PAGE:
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Who Should Enterprise Architects Report to in an Organization to Achieve Optimal Impact?

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An age-old question, but it seems now more than ever that enterprise architecture has become one of the keys to competitiveness, so who should enterprise architects report to in an organization to achieve optimal impact?

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  • Probably no one “rightâ€? answer, but plenty of models that can work including a direct line to CIO and dotted-line to business unit VP is something I’ve seen work well.

  • The best model I've seen is a centralized organization under the CIO for infrastrucure standardization - including basic architecture - which needs to be consistent across the organization.

  • I agree with Anthony, there is no one right answer. the trend these days is to talk about business architecture and reporting outside of IT, but I think that depends on a certain business environment and a certain level of maturity. The reality is that it is the right reporting position is completely dependent on the culture of the company and the personalities involved. Any particular reporting structure can work given the right relationships and the right people. When organization is marching to a single beat, things work. When there's a whole bunch of drummers, it doesn't work.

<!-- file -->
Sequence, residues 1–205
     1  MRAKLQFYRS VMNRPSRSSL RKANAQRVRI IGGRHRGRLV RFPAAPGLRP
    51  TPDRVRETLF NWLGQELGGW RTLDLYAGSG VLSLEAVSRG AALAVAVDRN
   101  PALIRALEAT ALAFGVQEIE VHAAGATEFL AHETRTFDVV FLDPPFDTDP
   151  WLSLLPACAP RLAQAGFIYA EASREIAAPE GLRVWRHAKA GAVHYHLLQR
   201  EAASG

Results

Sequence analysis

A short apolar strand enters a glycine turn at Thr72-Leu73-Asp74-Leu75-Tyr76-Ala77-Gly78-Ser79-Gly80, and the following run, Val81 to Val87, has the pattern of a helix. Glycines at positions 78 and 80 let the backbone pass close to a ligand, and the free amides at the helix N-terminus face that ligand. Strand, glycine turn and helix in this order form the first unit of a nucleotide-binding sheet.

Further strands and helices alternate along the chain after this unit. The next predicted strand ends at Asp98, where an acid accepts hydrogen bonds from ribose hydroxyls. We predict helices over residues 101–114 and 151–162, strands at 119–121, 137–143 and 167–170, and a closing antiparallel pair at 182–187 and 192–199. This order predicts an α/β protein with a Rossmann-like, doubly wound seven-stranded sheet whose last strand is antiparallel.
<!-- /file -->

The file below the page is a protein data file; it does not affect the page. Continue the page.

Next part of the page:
• I agree with Anthony and Todd.
    In my opinion the question who should Enterprise Architects not Report to in an Organization to Achieve Optimal Impact? is a more interesting question.
    My answer is they should not report to Infrastructure managers or some one else who is responsible for implementing infrastructure (in some organizations it is the CTO). Without this independence between Architecture and implementations the architecture will be "adapted" to concrete problems and will no longer be general enough to be useful.

  • The practical answer is “wherever EA can have the most impactâ€? and will indeed vary by organization. History, culture, politics, and personalities can all make a generically recommended solution less than optimal. That said, organizational placement on at least a peer level to anyone EA needs to influence is important. On the IT side of the house, an EA group reporting into either the infrastructure or application development organization will have difficulty influencing IT staffers outside their own part of the world. So an EA group reporting into the CIO works well. But when CIOs find themselves with too many directs, EA reporting into a strategy-and-planning type of unit that reports to the CIO works well too (in some organizations this is the “Office of the CIOâ€?).